Rolls-Royce electric plane takes off

Rolls-Royce Aerospace manufactures jet engines that power many planes around the world. While they are at the cutting edge of technology in terms of efficiency, they also leave behind a lot of greenhouse gas emissions.

The company has been a leader in the development of electric propulsion systems for airplanes to help move the world towards a future of zero emission flight. Getting there will involve many innovations. The main obstacle is that batteries have a much lower energy density per unit weight than jet fuel.

Let’s dig into that a bit. According to JetPack Aviation, a liter of jet fuel has an energy density of 9.6 kWh and weighs approximately 0.8 kilograms. This translates to 12 kWh per kilogram. In comparison, some of the best lithium-ion batteries have an energy density of 265 Wh per kilogram. The net result? Jet fuel has nearly 50 times more energy available per kilogram to power an aircraft than batteries.

But the analysis does not stop there. While jet fuel is energy dense, even the best combustion engines are not very efficient at converting that energy into forward motion. JetPack says the inefficiency of internal combustion means that 1,000 pounds (453.59 kg) of jet fuel produces only about 14 times more horsepower than 1,000 pounds (453.59 kg) of batteries. Much of this wasted energy exits the rear of the engine and ends up in the atmosphere.

The net result is that the “fuel load” for an electric aircraft will be much greater than it would be for a conventional jet aircraft. In fact, cramming enough batteries into an airplane to make it fly leaves a very small carrying capacity for cargo and passengers, let alone a pilot.

Rolls-Royce Aerospace has worked hard to develop an electric aircraft capable of flying over 300 mph (or 483 km / h for those who insist on using the metric system), making it the fastest electric aircraft ever built. . This week, the completed aircraft made its first sustained flight. It was in the air for 15 minutes. I’ll leave it to you to convert this to parsecs if you wish. And if you think 15 minutes isn’t that long, remember that Wilbur and Orville Wright’s first powered flight to Kitty Hawk was only 12 seconds and that led to some pretty amazing things.

Rolls-Royce Aerospace says the test flight is “the start of an intensive flight test phase during which we will collect valuable performance data on the aircraft’s power and propulsion system. “, according to Committed. The company claims the single-seater aircraft has “the most powerful battery ever assembled for an aircraft,” but gives no details. It uses a 6000-cell battery with a three-engine powertrain that currently delivers 400 kW (500+ horsepower).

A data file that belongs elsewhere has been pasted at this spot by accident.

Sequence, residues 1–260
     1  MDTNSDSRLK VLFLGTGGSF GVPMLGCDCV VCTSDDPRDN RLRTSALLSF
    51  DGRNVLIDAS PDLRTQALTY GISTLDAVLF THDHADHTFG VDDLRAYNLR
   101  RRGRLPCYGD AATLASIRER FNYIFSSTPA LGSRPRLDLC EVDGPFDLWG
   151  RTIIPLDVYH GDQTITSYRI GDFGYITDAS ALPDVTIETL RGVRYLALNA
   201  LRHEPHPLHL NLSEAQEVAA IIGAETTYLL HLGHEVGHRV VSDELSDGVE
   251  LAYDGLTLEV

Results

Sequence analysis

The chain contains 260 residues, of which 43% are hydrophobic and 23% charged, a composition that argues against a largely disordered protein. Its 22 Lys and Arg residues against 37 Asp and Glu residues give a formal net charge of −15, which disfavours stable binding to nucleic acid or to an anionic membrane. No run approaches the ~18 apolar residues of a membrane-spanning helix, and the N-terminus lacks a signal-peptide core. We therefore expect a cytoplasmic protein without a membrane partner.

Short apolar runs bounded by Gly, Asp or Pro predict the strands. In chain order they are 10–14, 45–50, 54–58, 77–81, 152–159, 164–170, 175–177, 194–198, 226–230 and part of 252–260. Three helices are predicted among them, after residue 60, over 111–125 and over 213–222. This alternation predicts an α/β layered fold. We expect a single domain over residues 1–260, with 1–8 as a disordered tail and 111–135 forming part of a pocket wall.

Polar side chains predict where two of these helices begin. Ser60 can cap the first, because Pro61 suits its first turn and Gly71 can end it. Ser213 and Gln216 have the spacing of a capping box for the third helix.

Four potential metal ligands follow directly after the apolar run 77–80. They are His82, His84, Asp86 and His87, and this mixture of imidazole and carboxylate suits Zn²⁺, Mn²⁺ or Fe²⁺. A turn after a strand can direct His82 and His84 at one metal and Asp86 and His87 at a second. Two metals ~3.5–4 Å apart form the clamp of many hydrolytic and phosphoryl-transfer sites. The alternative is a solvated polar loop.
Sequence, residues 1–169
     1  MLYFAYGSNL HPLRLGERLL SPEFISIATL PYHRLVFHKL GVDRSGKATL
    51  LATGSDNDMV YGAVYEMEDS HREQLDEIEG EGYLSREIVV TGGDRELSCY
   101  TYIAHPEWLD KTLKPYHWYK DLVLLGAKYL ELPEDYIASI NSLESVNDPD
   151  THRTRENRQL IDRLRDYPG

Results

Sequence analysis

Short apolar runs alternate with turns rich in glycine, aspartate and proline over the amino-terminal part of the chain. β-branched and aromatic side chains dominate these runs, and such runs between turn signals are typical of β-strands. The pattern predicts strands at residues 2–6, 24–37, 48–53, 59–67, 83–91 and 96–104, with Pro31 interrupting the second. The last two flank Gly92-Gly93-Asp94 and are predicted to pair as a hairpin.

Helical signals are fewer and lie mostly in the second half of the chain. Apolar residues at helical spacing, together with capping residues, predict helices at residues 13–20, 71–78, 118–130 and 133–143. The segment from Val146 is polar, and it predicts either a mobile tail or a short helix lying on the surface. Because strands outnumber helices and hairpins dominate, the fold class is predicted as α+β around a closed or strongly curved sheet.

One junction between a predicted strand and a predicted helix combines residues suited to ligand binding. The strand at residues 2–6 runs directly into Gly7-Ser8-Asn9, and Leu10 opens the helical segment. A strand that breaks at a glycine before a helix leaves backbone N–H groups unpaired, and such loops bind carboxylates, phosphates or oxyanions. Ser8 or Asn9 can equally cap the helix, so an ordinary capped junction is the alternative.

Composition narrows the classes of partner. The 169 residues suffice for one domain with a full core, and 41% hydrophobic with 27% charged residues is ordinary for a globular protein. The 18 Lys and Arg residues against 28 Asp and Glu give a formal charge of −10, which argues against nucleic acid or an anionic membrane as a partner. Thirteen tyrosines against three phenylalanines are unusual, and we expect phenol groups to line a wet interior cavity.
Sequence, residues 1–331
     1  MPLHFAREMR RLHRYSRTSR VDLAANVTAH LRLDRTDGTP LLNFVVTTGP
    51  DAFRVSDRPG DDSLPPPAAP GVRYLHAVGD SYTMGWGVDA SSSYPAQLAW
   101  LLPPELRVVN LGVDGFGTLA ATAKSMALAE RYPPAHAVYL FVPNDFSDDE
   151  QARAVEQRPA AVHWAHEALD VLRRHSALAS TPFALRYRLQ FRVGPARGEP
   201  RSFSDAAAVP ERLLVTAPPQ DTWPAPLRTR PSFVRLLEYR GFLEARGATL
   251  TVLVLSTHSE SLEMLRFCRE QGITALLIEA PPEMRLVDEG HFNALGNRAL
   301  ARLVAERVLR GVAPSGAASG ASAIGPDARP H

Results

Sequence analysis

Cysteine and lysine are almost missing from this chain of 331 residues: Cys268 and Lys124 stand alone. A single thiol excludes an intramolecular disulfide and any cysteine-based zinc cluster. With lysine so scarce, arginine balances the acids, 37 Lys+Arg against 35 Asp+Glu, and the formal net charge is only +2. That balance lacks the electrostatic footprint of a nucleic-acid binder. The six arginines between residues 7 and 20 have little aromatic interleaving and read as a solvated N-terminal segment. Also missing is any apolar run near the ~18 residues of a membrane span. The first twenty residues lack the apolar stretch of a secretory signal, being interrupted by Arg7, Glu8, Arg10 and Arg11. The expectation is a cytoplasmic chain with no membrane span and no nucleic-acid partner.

The flight took place about a year after the initially planned take-off and about six months after the taxiing tests. Rolls-Royce is developing an air taxi with aircraft manufacturer Tecnam with the aim of providing an “all-electric passenger plane for the commuter market”. She also worked with Siemens and Airbus on another concept of electric aircraft.

The project is funded by the Aerospace Technology Institute and the UK government as a preliminary step towards the creation of all-electric passenger aircraft. “It’s not just about breaking a world record; the advanced battery and propulsion technology developed for this program has exciting applications for the urban air mobility market and can help make ‘jet zero’ a reality, ”said Warren East, CEO of Rolls-Royce.

Eviation has already created a production prototype of a 9-passenger electric commuter aircraft with a range of 440 nautical miles (815 km) and a cruising speed of 220 knots (407.44 km / h, 253 mph, or 317 feet per second, if you prefer). United Airlines has also invested in Swedish start-up Heart Aerospace and has ordered 100 of its short-haul electric planes to be delivered by the end of this decade.

Electric flight is coming, maybe not tomorrow, but soon. Batteries with higher energy densities will be the key to unlocking their potential. Air travel accounts for around 7% of global emissions, so anything that reduces the amount of aircraft emissions is welcome. Our children will surely be flying in electric planes and will not find anything remarkable in doing so.

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